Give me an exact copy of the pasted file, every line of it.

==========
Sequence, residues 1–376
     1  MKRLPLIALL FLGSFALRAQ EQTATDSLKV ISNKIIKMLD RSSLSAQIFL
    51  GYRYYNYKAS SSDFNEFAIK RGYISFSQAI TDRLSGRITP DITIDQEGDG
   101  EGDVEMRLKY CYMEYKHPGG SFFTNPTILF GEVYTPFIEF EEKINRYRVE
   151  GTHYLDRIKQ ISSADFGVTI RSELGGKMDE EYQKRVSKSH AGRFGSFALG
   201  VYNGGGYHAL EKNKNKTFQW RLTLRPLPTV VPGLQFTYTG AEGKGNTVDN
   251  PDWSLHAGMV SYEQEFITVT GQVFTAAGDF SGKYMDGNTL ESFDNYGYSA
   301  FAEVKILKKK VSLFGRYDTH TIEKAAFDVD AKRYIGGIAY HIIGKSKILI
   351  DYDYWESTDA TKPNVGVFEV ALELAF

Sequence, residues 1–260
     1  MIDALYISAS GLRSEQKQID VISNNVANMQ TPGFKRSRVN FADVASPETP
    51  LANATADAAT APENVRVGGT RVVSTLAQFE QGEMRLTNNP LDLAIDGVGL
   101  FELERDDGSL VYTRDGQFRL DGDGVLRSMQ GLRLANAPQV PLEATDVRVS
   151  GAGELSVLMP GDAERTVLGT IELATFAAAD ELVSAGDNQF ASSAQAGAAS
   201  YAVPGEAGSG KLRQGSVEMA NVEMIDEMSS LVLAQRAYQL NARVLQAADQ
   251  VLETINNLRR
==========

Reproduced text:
Sequence, residues 1–376
     1  MKRLPLIALL FLGSFALRAQ EQTATDSLKV ISNKIIKMLD RSSLSAQIFL
    51  GYRYYNYKAS SSDFNEFAIK RGYISFSQAI TDRLSGRITP DITIDQEGDG
   101  EGDVEMRLKY CYMEYKHPGG SFFTNPTILF GEVYTPFIEF EEKINRYRVE
   151  GTHYLDRIKQ ISSADFGVTI RSELGGKMDE EYQKRVSKSH AGRFGSFALG
   201  VYNGGGYHAL EKNKNKTFQW RLTLRPLPTV VPGLQFTYTG AEGKGNTVDN
   251  PDWSLHAGMV SYEQEFITVT GQVFTAAGDF SGKYMDGNTL ESFDNYGYSA
   301  FAEVKILKKK VSLFGRYDTH TIEKAAFDVD AKRYIGGIAY HIIGKSKILI
   351  DYDYWESTDA TKPNVGVFEV ALELAF

Sequence, residues 1–260
     1  MIDALYISAS GLRSEQKQID VISNNVANMQ TPGFKRSRVN FADVASPETP
    51  LANATADAAT APENVRVGGT RVVSTLAQFE QGEMRLTNNP LDLAIDGVGL
   101  FELERDDGSL VYTRDGQFRL DGDGVLRSMQ GLRLANAPQV PLEATDVRVS
   151  GAGELSVLMP GDAERTVLGT IELATFAAAD ELVSAGDNQF ASSAQAGAAS
   201  YAVPGEAGSG KLRQGSVEMA NVEMIDEMSS LVLAQRAYQL NARVLQAADQ
   251  VLETINNLRR